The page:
Tesla Admits Autopilot Is Not Accident Proof After Latest Car Crash

CBS New reported last week that another one of their vehicles that was in Autopilot mode was involved in a traffic accident. On May 29 a 65 year old man drove his Tesla sedan into a parked Laguna Beach, CA, police vehicle. Luckily the police officer was not in his vehicle at the time of the car crash, and the Tesla owner suffered only minor injuries.

I’m posting this story, not to rehash what I have discussed the last several weeks, but rather to point this statement they made after this latest accident:

““When using Autopilot, drivers are continuously reminded of their responsibility to keep their hands on the wheel and maintain control of the vehicle at all times,” the company said in a statement after Tuesday’s crash. “Tesla has always been clear that Autopilot doesn’t make the car impervious to all accidents, and before a driver can use Autopilot, they must accept a dialogue box which states that ‘Autopilot is designed for use on highways that have a center divider and clear lane markings.’”

It’s clear to me at this point that despite all the “safety” claims made by industry experts, the autopilot technology is not fool proof. There still will be auto accidents. Also, it’s important to point out that autopilot should only be used on the highway. If that is the case, then why on earth was this gentleman driving in autopilot on a Laguna Beach side street? If the technology didn’t fail in that situation, then an argument could be made by Tesla that the owner/driver was negligent for putting his vehicle in autopilot at the wrong time.

If you or a loved one has been seriously injured in a Chicago car accident or Chicago truck accident, then please call Chicago personal injury attorney, Aaron J. Bryant, for a free legal consultation at 312-614-1076.

Another Tesla Autopilot Crash Leads To More Legal Questions

The Associated Press is reporting another Tesla car crash, which was allegedly traveling about 60 miles per hour, when it rear-ended a fire truck stopped at a red light. The driver sustained a broken right ankle, told police that her car was in autopilot mode and failed to brake before the violent impact decimated its front end.

This is is the fourth Tesla involved in a traffic crash this year while cruising in autopilot.  The National Highway Traffic Safety Administration (NHTSA) has launched an investigation into the matter. “Consistent with NHTSA’s oversight and authority over the safety of all motor vehicles and equipment, the agency has launched its special crash investigations team to gather information on the South Jordan, Utah, crash.” the agency said in statement Wednesday. “NHTSA will take appropriate action based on its review.”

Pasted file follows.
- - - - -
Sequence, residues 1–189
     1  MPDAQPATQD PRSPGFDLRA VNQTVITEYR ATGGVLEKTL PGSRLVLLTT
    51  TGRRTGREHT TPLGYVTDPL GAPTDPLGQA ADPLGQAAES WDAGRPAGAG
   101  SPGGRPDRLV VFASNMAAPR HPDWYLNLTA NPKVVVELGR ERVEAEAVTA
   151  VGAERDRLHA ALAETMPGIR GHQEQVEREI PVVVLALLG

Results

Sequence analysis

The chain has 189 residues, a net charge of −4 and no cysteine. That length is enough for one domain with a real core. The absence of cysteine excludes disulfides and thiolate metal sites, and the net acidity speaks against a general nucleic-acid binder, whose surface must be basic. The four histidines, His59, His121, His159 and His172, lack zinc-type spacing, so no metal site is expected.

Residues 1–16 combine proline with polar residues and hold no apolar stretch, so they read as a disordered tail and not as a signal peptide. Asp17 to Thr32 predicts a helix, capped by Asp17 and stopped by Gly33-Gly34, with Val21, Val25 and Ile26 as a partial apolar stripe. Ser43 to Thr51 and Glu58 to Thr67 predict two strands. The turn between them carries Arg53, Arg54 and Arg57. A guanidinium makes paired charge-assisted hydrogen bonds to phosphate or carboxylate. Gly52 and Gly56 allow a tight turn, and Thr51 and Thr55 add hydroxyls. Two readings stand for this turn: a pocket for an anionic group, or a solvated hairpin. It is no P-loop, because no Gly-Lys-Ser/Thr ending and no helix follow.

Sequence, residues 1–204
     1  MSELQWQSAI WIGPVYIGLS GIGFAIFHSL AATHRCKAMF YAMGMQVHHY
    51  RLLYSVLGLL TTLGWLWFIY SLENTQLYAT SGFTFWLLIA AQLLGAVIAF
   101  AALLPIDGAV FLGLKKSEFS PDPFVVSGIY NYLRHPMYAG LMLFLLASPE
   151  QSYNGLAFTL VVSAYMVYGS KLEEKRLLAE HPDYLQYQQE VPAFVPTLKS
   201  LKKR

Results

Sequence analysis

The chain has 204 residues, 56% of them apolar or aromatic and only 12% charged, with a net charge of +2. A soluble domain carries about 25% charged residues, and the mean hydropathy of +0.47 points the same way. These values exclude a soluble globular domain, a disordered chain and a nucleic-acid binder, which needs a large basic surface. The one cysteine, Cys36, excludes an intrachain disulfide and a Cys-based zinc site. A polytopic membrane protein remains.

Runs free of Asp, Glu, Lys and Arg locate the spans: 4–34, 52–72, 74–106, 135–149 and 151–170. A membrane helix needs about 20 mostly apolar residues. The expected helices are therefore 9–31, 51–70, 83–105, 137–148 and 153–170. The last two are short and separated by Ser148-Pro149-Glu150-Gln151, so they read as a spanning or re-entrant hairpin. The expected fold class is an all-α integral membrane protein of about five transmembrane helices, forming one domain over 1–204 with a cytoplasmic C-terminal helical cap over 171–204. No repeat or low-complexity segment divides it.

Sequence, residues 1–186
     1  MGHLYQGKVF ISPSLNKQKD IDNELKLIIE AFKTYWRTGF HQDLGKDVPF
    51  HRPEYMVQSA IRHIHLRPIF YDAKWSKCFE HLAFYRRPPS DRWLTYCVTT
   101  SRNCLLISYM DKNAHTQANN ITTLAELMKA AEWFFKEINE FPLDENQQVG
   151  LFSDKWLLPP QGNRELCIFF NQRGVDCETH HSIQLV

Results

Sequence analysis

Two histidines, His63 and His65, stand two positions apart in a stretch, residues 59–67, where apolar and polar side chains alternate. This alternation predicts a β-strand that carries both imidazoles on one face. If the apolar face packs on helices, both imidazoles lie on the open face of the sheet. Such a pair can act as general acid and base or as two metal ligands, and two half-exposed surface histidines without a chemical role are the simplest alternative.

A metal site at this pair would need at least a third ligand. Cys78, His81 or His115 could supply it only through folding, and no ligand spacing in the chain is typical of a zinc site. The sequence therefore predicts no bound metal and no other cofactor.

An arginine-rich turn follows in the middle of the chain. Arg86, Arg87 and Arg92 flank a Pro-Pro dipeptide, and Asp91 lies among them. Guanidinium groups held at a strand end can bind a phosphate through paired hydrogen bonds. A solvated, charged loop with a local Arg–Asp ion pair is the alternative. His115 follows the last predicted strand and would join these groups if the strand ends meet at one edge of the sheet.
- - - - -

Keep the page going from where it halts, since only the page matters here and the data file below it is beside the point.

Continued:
For me, the most crucial aspect of this particular case is whether the vehicle owner will seek damages against Tesla for her injuries. Typically in a case like this, the party that rear-ended another vehicle would not be able to seek damages for her injuries as she was the one that was at-fault for the car accident. Our civil justice systems allows parties to seek reimbursement for economic and non-economic damages against at-fault parties. In this case, if the driver can prove that the Tesla software failed by not stopping on time, then she could seek damages under a product liability claim. Unfortunately, product liability cases are very expensive due to the high costs of experts in these types of cases. Regardless, I think the driver here would have a very strong case based on the facts that we know. There are no allegations that the fire truck she rear-ended doing anything wrong. It was merely sitting idle at a red light. The question is whether an attorney will want to take on the cost for this type of case for just a broken ankle.

Another interesting question will be whether the driver’s insurance carrier will seek a subrogation claim against Tesla for the cost of repair or replacing the damaged vehicle. The insurance company could easily ask for reimbursement for the repair or replacement of the vehicle if the evidence continues to show that their driver did nothing wrong. Again, the subrogation claim would most likely come under product liability. This could be the rare situation where a plaintiff personal injury attorney and auto insurance company team up together for the same common goal.

These are some of the very intriguing issues that continue to arise from car accidents stemming from self-driving cars.

If you or someone you love has been seriously injured in a Chicago traffic accident or Chicago truck accident, then call Chicago personal injury lawyer, Aaron J. Bryant, for a free legal consultation at 312-614-1076.